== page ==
Preprinting in biology is gaining steam, but the process is still far from normal: the upload rate to all preprint servers is about 8% that of PubMed. The most obvious way for individual scientists to help turn the tide is, of course, to preprint their own work. But given that it now takes longer to accumulate data for a paper, this opportunity might not come up as often as we’d like.

So, what else can we do?


Ways to promote the productive use of preprints

Many biologists (especially those that have never preprinted before, according to our 2020 survey) are concerned that their preprints won’t be properly acknowledged by the community, perhaps leading to their work getting scooped by competitors.

Concerns about preprints

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To counter this fear, we need to set an expectation that work disclosed in preprints will be cited fairly when relevant to other preprints and journal articles. A commitment to fairly cite relevant preprints was included in a draft statement from our 2016 meeting, and it was widely endorsed.

For more details on how to cite preprints, see our 2020 blog post.

One of the greatest opportunities preprinting presents is the chance to receive more feedback on a paper. For example, Nikolai Slavov describes how thoughtful, constructive feedback helped his paper improve:

Authors are not the only ones who can benefit from comments on preprints.

There are many ways to leave comments on preprints. In addition to the built-in commenting sections and social media, you can also use one of a growing number of preprint commentary and open peer review sites. See our listing of these on ReimagineReview.

bioRxiv offers both keyword/author and subject category alerts via email. Preprints will also show up in your Google scholar alerts along with published papers. Since PubMed began indexing a limited subset of preprints in June of 2020, they will show up in email alerts as well. EuropePMC, an EMBL-EBI-maintained PubMed Central partner that mirrors its content and also indexes preprints from over 15 servers, allows you to set up RSS feeds for saved searches.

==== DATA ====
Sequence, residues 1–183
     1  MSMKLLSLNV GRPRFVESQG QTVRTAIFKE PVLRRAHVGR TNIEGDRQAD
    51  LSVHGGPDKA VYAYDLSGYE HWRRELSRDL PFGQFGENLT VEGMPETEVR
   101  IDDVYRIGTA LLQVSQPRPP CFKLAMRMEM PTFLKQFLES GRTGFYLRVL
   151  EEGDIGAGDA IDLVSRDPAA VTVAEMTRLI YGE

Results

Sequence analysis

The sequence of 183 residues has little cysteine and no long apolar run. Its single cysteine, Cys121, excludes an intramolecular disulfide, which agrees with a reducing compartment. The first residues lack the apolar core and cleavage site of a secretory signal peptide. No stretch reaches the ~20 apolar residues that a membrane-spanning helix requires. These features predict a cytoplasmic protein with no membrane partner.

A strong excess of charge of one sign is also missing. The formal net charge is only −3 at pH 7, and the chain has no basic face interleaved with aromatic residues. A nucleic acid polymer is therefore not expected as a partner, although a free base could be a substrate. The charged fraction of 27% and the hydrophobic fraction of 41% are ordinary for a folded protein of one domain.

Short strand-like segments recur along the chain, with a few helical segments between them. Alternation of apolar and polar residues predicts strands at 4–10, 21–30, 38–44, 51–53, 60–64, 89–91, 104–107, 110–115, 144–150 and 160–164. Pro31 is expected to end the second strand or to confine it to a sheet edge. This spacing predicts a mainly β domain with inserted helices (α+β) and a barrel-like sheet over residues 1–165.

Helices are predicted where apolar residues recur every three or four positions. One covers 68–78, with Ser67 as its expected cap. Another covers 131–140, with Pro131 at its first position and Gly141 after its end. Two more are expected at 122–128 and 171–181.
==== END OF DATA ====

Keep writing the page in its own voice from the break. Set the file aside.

Regardless of how you set it up, you’ll get information about new preprints delivered straight to you.

Reviewing preprints may be even more rewarding that reviewing papers: you have the option to share your opinions with the authors, publicly or privately.

It’s a great educational experience for students, too. Prachee Avasthi at the University of Kansas Medical Center draws material for her “Analysis of Scientific Papers” course exclusively from preprint servers. She’s generously shared her syllabus and introductory slide deck, and the students’ reviews can be found on the Winnower.

Learn more about preprint journal clubs

Discovery platforms and resources for starting your own

There are probably researchers in your department who aren’t aware that someone they know has posted a preprint. You can spark conversations around your lab or at conferences by affixing a sticker to your laptop, water bottle, or office door. See examples below for inspiration.

Request some free stickers

You can raise awareness about preprints with every message sent. Here’s an example:



To drive ASAPbio’s mission to raise awareness of preprints and encourage their productive use in the life sciences, we work closely with the ASAPbio Community, a group of researchers and others involved in research communication who interact and exchange information and feedback around the use of preprints.

The ASAPbio Community members:

• Interact via Slack and community calls

• Receive monthly newsletters

• Contribute to projects to promote the use of preprints

Join the ASAPbio Community

Promote discussion and awareness of preprints in your local community

Every time you give a talk (whether at lab meeting, a conference, or in a seminar series), you have an opportunity to start a conversation about preprints.

Of course, this works best if customized to fit your own experience (eg, a screenshot of the preprint you’ve been discussing in the talk) and the audience (whether researchers in biology or another discipline, or a group of other stakeholders).

Here’s a template you can modify to get you started! Select “File/make a copy” or download to get started.


Click to view (Google Slides)